The Fullerton City Council has selected National Community Renaissance of California, or CORE, as the developer for City-owned property located at 1600 W. Commonwealth Ave. The Rancho Cucamonga-based non-profit proposes a mini-complex of 3-story structures housing a total of 59 affordable residential units on the narrow triangular lot bounded by the City Maintenance yard on the east side and the convergence of West Commonwealth Ave. and the railroad corridor to the west. The historic Kohlenberger building, later familiar as a production facility for Morehouse Mustard, occupied the site for 60 years before burning down in 2007. The city of Fullerton now owns the land, but the undeveloped 2.25-acre lot is subject to sale through California’s Surplus Lands Act, which compels cities to make surplus property available for either housing or park use.
The development will be divided between 28 1-bedroom units, 16 with 2 bedrooms, and 15 with 3 bedrooms. All will be rentals reserved for those earning between 25% and 60% of the Area Medium Income for Orange County, which is $134,500 per year, with rents ranging from $584 to $1,467 per month for 1-bedroom units, $703 to $1,760 for 2-bedrooms, and $970 to $2,018 for 3-bedrooms, after monthly utility allowances.
Ninety-one total parking spaces are provided, as well as a swimming pool and a 2,400 square foot community center. A 10-foot concrete block wall will stand between the complex and the railroad corridor to the south.
Fullerton-based non-profit Pathways of Hope, who once proposed their own development on the site, will partner with National CORE to provide on-site services. A 2018 plan by Pathways of Hope to build permanent supportive housing there was ultimately abandoned when residents of homes located north of the property objected, fearing that drug-addicted individuals would wander into their neighborhoods.
Fullerton’s Community Development Dept. did not recommend a developer to the Council but summarized key points in each of the five responding developer proposals received for the property. Responding developers were C & C Development, Jamboree Housing, Meta Housing Corporation, National CORE, and Related Company. Their respective plans differed in the number, size, and affordability of units, and how much each developer was willing to pay for the land itself. To incentivize housing construction, the land cannot, by law, be sold for higher than its market-rate value. That price won’t be known until an appraisal is conducted, but the current estimated value is around $6 million.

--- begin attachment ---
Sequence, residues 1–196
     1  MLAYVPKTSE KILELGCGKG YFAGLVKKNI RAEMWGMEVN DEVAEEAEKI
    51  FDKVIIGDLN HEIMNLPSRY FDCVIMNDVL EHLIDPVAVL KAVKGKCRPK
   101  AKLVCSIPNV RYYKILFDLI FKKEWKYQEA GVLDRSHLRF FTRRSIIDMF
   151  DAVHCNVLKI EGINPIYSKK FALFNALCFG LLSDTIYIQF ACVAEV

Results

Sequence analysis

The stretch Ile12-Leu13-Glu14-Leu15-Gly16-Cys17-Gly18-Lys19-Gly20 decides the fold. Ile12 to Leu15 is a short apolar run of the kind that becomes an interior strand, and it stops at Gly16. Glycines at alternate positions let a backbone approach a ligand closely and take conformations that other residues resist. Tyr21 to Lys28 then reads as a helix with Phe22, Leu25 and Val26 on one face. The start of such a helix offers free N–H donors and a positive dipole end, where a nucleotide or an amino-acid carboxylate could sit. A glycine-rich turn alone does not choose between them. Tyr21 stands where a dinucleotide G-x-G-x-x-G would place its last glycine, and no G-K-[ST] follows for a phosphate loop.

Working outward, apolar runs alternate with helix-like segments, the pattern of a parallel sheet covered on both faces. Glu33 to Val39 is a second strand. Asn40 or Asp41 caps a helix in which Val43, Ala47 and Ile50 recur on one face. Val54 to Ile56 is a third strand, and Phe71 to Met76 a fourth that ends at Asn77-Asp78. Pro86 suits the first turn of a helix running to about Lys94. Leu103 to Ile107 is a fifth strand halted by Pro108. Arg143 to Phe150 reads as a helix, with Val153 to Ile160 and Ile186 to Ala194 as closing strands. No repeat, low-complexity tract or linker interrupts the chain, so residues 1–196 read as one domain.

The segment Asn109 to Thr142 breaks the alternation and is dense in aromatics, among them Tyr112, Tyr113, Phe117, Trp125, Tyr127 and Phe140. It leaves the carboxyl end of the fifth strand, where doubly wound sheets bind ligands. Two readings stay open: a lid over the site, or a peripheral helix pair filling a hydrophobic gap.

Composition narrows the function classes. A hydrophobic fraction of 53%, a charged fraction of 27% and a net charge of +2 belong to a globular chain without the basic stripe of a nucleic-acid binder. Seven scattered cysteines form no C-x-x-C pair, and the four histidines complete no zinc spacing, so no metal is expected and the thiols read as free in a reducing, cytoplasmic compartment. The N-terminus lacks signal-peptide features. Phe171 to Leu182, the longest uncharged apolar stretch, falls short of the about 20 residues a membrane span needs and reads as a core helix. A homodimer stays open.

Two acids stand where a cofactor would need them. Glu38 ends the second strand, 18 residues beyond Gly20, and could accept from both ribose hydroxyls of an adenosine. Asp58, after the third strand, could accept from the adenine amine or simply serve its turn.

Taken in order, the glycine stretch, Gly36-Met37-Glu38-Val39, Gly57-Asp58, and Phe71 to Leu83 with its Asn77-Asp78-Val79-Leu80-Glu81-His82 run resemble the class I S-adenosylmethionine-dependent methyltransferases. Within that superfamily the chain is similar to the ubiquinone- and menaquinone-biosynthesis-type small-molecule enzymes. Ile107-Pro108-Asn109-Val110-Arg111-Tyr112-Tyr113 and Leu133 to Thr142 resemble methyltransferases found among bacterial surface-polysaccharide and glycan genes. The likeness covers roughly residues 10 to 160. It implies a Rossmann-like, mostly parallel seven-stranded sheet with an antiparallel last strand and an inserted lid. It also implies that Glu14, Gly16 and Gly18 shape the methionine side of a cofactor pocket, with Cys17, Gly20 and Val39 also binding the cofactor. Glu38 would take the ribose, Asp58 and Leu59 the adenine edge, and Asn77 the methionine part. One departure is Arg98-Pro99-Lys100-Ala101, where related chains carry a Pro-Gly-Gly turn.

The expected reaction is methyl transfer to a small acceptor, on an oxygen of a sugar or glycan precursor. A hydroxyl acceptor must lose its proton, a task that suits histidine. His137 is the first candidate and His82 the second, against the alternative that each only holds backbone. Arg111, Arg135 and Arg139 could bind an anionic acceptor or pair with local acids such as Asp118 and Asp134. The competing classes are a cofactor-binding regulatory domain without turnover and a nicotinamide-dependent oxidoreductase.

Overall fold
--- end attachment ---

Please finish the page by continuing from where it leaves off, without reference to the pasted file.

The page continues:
A staff report prepared for the City Council for its July 6 meeting noted, “All developers request that the City provide the land value through a residential receipts loan (paid back annually) based on revenue generated by the site.“ National Core offered $1.5 million of its $4.5 million price up front and planned the highest total number of units of any of the five proposals, a fact cited by Councilmember Jesus Silva as one factor that gained the developer his support during the July 6 meeting. Mayor Pro Tem Nick Dunlap, by contrast, rated National CORE last on his list. Fred Jung ranked Meta Housing as his first choice, and National CORE third.
Councilmember Ahmad Zahra asked if National CORE could amend their plan to include more public space, noting that theirs was the plan with the least of it. Green spaces in the site plan included in the proposal are confined to margins between buildings and thin strips of landscaping on the edges of the property. Patricia Whitaker [no relation to the Mayor] of National CORE responded that they would be willing to plan more green recreational space for families.
Mayor Whitaker thought that National CORE’s stood out from the rest of the proposals, citing the total number of units, adequate parking, allocation of different sorts of units to include families, and a good mix of amenities, as well as the sound wall insulating residents from the noise of trains.
The decision was not a unanimous one. A motion to choose Meta Housing was supported by Fred Jung and Nick Dunlap and opposed by the others; National CORE was then chosen with support of Jesus Silva, Ahmad Zahra, and Bruce Whitaker, passing 3 – 2. The project will still need to be reviewed by the Planning Commission, and ultimately approved by the City Council at some future date.
Following the discussion, Mayor Whitaker remarked that it was unusual that no nearby residents had expressed opposition to the submitted plans considering the controversy generated by the earlier Pathways project plan. However, two residents did speak during public comments at the following Council meeting on July 20 to complain that plans for incorporating supportive services on the site were not made clear to neighbors in advance of the July 6 meeting.
Note: this story has been updated to correct an error. $ 134,500 is the Area Median Income of Orange County, not Fullerton, as previously reported in this story.
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